CounterCurrent: Week of 5/16
While America’s culture wars touch a broad range of issues, it’s hard to argue that any single topic has been more important in shaping the last decade than race. For more and more Americans, the fundamental nature of our national character hinges on this crucial issue. Is the United States a basically good nation, one with many stains on its history? Or is it a basically evil nation, made possible by and continuing to thrive on systems of racial oppression? Your answer to these questions now puts you in one of two camps—whether you like it or not—the chasm between which seems to widen by the hour. As much as we might prefer, there is now very little room for “it depends” or “a little bit of both.” Extremism reigns supreme.
If you’re close to my age, you may have perceived this shift in the cultural narrative as coinciding with the advent of the Black Lives Matter hashtag and organization. I was in high school at the time and, in retrospect, witnessed a marked change. Suddenly, if you express an iota of support for the police, for the rule of law, or for “having all the facts,” you don’t think black lives matter! (A brilliant onomastic choice, if you ask me.) But in reality, the shift began long before BLM hit the scene, and it was born in our colleges and universities.
Thanks to the academy, America has a new racial lexicon. We all know the terms, if only because we are inundated with them in every corner of the internet and media: white privilege, systemic racism, implicit bias, white fragility, antiracism, critical race theory, and so on. These concepts, which are cornerstones of what some call neo-racism, have catalyzed much of the rot we see in higher education and the nation as a whole, so many of us instinctively assume that they are for some reason or another wrong.
Yet, we know from experience that words gradually lose their meaning when misused. So we must ask: do we really know precisely what all these terms mean? Do we use them correctly in our speech and writing, or do we just pick one out of the bag to describe “that new racism thing”? Do we know the precise effects and consequences of these concepts in the real world? These are extremely important questions, if we are indeed convinced that neo-racism is an enemy. After all, how are we supposed to fight that which we do not understand?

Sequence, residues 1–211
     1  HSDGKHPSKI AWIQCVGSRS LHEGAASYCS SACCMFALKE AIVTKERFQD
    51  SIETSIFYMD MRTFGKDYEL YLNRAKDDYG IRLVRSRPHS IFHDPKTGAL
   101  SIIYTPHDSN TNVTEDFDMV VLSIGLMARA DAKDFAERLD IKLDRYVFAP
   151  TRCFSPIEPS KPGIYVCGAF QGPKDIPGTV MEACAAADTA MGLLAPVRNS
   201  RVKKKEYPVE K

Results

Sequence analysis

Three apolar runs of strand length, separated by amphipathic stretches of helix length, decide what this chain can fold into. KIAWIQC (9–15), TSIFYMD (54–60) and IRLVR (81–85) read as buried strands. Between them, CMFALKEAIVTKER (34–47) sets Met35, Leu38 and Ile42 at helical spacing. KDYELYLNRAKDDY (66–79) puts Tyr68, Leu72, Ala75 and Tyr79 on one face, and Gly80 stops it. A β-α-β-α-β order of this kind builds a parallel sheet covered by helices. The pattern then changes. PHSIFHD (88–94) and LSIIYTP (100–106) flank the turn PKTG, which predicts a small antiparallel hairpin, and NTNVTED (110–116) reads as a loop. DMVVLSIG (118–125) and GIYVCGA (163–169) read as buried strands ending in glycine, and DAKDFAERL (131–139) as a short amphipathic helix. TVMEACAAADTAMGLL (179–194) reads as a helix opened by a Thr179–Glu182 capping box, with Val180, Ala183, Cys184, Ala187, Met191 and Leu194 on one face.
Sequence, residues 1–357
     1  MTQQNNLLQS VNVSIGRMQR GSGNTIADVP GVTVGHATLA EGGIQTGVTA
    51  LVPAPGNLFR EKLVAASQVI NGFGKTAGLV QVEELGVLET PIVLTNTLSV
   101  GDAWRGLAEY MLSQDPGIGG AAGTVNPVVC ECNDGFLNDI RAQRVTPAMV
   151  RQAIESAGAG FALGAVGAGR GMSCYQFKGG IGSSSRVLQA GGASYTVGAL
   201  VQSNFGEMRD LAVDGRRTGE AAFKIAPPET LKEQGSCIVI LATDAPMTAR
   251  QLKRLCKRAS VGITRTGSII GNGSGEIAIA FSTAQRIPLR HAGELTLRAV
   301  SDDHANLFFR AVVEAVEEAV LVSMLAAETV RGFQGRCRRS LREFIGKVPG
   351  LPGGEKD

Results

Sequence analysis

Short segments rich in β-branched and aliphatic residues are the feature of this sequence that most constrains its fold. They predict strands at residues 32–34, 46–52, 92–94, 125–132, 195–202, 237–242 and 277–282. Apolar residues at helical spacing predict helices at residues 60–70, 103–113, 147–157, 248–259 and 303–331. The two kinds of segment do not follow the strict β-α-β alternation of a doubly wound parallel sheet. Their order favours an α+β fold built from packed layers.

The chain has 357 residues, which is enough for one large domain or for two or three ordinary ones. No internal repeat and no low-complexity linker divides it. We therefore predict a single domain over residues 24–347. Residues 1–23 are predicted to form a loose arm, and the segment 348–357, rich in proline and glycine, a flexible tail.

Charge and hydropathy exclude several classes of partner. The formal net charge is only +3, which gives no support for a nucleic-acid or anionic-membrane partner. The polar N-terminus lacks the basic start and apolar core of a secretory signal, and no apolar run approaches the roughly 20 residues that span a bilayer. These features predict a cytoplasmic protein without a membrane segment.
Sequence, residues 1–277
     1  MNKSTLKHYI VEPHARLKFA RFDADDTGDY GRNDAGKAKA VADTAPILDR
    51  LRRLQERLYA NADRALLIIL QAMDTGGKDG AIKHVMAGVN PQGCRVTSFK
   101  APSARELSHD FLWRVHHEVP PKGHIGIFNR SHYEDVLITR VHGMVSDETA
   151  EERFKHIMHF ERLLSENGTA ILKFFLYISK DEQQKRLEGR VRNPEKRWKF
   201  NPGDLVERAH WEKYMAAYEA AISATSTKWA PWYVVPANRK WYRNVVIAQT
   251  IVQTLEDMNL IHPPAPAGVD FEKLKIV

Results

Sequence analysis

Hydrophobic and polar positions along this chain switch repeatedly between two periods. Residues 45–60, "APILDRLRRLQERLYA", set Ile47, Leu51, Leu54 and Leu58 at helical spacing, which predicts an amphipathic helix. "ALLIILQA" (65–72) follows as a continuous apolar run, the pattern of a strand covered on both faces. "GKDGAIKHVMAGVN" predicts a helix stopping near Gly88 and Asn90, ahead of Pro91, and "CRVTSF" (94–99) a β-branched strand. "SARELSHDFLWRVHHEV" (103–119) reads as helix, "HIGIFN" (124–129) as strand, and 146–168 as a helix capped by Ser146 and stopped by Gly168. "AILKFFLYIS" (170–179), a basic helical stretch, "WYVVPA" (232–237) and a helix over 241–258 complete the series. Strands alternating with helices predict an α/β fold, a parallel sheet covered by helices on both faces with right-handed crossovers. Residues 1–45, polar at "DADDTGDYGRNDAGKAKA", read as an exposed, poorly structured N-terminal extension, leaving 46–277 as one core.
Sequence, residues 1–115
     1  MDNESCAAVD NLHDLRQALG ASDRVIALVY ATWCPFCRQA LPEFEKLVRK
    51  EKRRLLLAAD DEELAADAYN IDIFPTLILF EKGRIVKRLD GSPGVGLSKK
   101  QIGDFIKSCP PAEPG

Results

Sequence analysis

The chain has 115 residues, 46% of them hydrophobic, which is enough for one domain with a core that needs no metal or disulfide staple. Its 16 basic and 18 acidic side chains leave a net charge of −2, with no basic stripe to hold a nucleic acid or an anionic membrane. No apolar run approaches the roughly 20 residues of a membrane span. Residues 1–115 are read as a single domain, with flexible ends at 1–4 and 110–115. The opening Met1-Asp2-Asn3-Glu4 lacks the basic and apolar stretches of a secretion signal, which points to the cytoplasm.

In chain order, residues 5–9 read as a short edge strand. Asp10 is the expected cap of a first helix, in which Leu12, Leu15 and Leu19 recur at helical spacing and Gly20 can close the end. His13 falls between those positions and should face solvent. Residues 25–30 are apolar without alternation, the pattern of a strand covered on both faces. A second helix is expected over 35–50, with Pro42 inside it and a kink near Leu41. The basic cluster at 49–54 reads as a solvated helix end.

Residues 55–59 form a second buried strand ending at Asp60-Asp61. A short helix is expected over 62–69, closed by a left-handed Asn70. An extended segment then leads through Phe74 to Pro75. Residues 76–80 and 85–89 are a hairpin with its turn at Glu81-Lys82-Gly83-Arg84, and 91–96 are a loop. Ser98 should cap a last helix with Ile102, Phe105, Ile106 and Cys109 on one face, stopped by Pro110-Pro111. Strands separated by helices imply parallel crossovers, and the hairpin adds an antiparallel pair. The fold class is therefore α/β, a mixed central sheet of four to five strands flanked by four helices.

In this week’s featured article, National Association of Scholars President Peter W. Wood links four of the most important neo-racist critiques of America—the 1619 Project, Black Lives Matter, antiracism, and Critical Race Theory—providing definitions and refutations of each, and showing how they have all worked together to create the deep racial division that we now witness in America. And the stakes are high. As Dr. Wood writes,
Now is the time to wake up before we do even graver damage—not only to ourselves individually but to our country as a whole. It is a bitter irony of our moment that those who want to drive us into this new hysteria often call it being “woke.” There is no awakening in woke. It is the sleep of reason that produces monsters, and it poses a profound peril to our republic.
I hope this does not come across as hyperbolic fear-mongering—that is not at all our intention. We sincerely believe that neo-racism will severely damage the social fabric of America. It’s a threat that, as Dr. Wood puts it, is “not of the sort that would bring a second Civil War, but of the sort that would impoverish the soul of a civilization.” And we can thank higher education for it—if we are to change the narrative, it ought to begin here.
CounterCurrent is the National Association of Scholars’ weekly newsletter, written by Communications & Research Associate David Acevedo. To subscribe, update your email preferences here.
Image: Koshu Kunii, Public Domain